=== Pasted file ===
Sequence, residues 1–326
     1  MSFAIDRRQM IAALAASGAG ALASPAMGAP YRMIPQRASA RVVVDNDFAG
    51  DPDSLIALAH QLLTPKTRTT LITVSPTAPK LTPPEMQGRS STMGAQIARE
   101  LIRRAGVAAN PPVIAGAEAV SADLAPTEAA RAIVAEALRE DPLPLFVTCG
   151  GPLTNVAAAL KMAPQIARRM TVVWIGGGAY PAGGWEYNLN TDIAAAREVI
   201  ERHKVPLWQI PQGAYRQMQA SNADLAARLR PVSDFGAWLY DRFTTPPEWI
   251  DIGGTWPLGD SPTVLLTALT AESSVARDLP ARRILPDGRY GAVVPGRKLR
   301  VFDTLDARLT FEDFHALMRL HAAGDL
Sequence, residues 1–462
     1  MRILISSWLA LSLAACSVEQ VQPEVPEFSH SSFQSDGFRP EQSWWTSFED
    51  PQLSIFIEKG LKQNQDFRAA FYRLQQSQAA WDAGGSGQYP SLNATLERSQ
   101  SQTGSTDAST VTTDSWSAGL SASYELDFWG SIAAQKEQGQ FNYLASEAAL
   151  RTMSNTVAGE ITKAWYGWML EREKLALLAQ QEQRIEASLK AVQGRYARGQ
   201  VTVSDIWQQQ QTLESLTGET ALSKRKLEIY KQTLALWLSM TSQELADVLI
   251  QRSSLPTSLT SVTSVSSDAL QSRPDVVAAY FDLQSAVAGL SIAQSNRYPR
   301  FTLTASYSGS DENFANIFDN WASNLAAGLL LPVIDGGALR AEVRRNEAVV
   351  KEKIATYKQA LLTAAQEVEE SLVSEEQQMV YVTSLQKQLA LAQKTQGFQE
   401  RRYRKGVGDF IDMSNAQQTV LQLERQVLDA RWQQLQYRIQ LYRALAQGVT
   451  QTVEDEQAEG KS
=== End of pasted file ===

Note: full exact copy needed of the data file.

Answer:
Sequence, residues 1–326
     1  MSFAIDRRQM IAALAASGAG ALASPAMGAP YRMIPQRASA RVVVDNDFAG
    51  DPDSLIALAH QLLTPKTRTT LITVSPTAPK LTPPEMQGRS STMGAQIARE
   101  LIRRAGVAAN PPVIAGAEAV SADLAPTEAA RAIVAEALRE DPLPLFVTCG
   151  GPLTNVAAAL KMAPQIARRM TVVWIGGGAY PAGGWEYNLN TDIAAAREVI
   201  ERHKVPLWQI PQGAYRQMQA SNADLAARLR PVSDFGAWLY DRFTTPPEWI
   251  DIGGTWPLGD SPTVLLTALT AESSVARDLP ARRILPDGRY GAVVPGRKLR
   301  VFDTLDARLT FEDFHALMRL HAAGDL
Sequence, residues 1–462
     1  MRILISSWLA LSLAACSVEQ VQPEVPEFSH SSFQSDGFRP EQSWWTSFED
    51  PQLSIFIEKG LKQNQDFRAA FYRLQQSQAA WDAGGSGQYP SLNATLERSQ
   101  SQTGSTDAST VTTDSWSAGL SASYELDFWG SIAAQKEQGQ FNYLASEAAL
   151  RTMSNTVAGE ITKAWYGWML EREKLALLAQ QEQRIEASLK AVQGRYARGQ
   201  VTVSDIWQQQ QTLESLTGET ALSKRKLEIY KQTLALWLSM TSQELADVLI
   251  QRSSLPTSLT SVTSVSSDAL QSRPDVVAAY FDLQSAVAGL SIAQSNRYPR
   301  FTLTASYSGS DENFANIFDN WASNLAAGLL LPVIDGGALR AEVRRNEAVV
   351  KEKIATYKQA LLTAAQEVEE SLVSEEQQMV YVTSLQKQLA LAQKTQGFQE
   401  RRYRKGVGDF IDMSNAQQTV LQLERQVLDA RWQQLQYRIQ LYRALAQGVT
   451  QTVEDEQAEG KS